Mark Wahlberg presented an award to an almost-all-Asian cast at the SAG Awards. Twitter was having none of it.

"Good for Mark Wahlberg, standing on a stage with all those Asian people without assaulting any of them."

Mark Wahlberg presents Ke Huy Quan with the Outstanding Performance by a Cast in a Motion Picture award for "Everything Everywhere All at Once" onstage during the 29th annual Screen Actors Guild Awards. Kevin Winter/Getty Images

Given that he was convicted of brutally assaulting two Asian men while trying to rob beer from them when he was 16 years old, Mark Wahlberg seemed like an odd choice to present the ensemble cast award to the almost-all-Asian cast of “Everything Everywhere All At Once” at the Screen Actors Guild Awards Sunday night. At least according to Twitter.

“Good for Mark Wahlberg, standing on a stage with all those Asian people without assaulting any of them,” tweeted @aguirreryan of the Dorchester native turned Hollywood superstar. “I feel like if Mark Wahlberg (or his management) wanted his checkered racist past to fade into obscurity, presenting the SAG award to EEEAAO would not have been on the list of gigs to take,” commented novelist Cecilia Tan.


The controversy was enough to get Wahlberg trending on the social media platform Sunday night, with some users also pointing to his recent appearance on the “Today” show to discuss his Catholic faith.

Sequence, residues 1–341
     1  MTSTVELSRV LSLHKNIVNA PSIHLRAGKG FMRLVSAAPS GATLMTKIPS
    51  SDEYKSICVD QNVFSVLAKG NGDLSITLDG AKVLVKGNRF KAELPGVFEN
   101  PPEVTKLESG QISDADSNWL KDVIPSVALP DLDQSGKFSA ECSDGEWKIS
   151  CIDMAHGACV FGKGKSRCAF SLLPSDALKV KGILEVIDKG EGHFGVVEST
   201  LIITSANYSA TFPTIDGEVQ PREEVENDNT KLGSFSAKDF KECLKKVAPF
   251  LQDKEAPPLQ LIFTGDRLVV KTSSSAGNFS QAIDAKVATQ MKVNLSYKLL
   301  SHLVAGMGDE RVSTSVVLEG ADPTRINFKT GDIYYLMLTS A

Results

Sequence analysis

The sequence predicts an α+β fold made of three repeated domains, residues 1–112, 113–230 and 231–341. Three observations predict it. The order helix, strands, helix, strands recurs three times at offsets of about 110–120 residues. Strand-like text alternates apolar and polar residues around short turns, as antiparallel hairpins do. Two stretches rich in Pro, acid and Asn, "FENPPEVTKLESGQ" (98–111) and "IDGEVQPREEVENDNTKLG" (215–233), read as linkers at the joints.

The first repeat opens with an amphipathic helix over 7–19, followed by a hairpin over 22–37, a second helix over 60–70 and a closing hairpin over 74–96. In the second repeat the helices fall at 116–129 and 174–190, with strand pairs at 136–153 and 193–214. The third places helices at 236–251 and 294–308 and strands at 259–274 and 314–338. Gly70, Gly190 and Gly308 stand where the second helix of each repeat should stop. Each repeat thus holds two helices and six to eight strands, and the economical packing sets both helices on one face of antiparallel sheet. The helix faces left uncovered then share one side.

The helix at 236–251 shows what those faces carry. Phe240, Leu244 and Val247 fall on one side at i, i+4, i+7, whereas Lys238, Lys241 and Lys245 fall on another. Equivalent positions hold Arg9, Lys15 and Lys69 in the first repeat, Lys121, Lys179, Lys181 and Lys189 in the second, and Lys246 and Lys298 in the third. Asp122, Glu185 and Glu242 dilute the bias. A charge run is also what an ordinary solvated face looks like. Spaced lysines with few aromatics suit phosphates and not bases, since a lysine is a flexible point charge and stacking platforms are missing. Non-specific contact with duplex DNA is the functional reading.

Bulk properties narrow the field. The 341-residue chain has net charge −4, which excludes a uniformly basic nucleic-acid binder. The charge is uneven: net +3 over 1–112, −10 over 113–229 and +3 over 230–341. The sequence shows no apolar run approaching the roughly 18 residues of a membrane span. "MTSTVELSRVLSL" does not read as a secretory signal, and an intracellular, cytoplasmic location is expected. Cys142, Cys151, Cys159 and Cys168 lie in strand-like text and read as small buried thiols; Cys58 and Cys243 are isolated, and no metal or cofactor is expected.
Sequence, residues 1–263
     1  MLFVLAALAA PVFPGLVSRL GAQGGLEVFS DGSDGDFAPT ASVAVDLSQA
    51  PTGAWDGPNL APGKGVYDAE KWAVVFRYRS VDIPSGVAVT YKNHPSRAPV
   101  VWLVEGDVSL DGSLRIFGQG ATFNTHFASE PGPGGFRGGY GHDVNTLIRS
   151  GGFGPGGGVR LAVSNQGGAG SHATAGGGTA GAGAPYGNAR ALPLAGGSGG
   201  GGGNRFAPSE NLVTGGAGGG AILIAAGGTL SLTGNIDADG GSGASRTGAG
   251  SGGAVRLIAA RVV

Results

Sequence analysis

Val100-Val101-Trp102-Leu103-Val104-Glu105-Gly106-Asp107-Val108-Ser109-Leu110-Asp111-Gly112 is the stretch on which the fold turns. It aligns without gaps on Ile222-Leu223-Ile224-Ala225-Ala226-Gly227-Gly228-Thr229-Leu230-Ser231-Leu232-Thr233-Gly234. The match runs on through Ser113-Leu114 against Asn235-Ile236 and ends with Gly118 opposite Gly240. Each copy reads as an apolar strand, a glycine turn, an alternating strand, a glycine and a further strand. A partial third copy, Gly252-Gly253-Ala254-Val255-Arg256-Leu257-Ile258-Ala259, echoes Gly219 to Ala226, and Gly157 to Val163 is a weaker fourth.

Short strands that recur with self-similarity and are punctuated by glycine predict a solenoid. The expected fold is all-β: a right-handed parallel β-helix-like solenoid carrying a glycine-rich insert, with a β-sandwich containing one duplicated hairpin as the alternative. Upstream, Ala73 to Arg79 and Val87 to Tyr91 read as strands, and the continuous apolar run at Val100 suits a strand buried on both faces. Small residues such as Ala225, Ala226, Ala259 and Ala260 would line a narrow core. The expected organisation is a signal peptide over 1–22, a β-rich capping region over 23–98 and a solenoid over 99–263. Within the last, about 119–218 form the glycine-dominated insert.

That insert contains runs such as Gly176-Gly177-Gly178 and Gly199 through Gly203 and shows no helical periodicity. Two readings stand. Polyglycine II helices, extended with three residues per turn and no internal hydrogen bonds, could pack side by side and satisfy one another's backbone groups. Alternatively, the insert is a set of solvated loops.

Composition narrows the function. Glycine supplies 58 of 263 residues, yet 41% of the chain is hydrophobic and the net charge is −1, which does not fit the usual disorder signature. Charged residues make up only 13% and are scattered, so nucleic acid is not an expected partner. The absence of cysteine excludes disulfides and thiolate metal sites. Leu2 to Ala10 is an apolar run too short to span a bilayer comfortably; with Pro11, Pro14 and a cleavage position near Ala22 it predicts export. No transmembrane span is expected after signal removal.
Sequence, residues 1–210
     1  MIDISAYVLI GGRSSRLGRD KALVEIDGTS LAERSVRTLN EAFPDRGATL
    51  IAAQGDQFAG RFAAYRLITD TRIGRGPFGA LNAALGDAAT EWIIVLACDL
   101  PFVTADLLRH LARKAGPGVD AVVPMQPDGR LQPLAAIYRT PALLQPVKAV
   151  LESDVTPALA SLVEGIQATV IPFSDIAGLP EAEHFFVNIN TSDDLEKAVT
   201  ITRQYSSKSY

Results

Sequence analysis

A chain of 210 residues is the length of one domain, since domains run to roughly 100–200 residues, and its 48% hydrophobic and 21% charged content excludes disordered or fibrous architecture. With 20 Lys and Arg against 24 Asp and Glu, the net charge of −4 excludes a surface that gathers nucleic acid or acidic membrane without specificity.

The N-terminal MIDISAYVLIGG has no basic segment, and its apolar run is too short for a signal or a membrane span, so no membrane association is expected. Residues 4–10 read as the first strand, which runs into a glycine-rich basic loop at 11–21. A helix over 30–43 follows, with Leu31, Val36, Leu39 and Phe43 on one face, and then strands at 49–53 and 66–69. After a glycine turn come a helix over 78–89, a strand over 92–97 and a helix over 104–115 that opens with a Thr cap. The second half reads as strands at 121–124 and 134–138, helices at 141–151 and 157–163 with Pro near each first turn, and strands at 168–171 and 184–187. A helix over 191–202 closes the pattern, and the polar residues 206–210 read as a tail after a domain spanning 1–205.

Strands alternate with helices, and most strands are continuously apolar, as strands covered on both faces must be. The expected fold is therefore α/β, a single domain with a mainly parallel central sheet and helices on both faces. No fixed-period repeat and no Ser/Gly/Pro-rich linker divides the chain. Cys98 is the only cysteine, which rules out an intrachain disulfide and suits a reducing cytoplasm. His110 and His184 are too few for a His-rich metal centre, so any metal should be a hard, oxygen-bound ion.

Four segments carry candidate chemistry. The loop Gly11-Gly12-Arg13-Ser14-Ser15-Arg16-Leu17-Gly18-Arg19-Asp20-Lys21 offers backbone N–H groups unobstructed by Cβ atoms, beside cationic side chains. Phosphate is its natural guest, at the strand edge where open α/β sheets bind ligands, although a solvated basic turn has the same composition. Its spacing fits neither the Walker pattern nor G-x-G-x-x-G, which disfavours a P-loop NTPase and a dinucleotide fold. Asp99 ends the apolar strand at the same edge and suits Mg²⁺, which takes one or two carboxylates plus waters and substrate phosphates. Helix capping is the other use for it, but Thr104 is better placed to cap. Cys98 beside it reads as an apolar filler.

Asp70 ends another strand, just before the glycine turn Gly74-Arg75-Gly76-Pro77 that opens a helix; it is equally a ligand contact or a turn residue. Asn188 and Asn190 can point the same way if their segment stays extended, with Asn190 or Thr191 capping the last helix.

“This man also hates crime!,” winked @jessecassidy0 while sharing a particularly effusive post about the “Today” appearance. “Google ‘Mark Wahlberg hate crime’ to learn more.”

Wahlberg served 45 days of a two-year sentence for the 1988 attack, during which he was alleged to have yelled racial slurs at the two men while punching one and hitting the other with a stick. The actor sought a pardon for the crime in 2015, when he was seeking a concessionaire’s license for Wahlburgers, the restaurant chain he owns with his brothers. He eventually dropped the request, but one of his victims, Hoa Trinh, took the opportunity to support the pardon.

“He paid for his crime when he went to prison,” Trinh told The Washington Post. “I am not saying that it did not hurt when he punched me in the face, but it was a long time ago.”

Wahlberg also drew brickbats for mislabeling the film “Women Talking” about Bolivian rape victims, as “Women Are Talking” when reading the nominees in the category. 


Here are some of the Twitter reactions:


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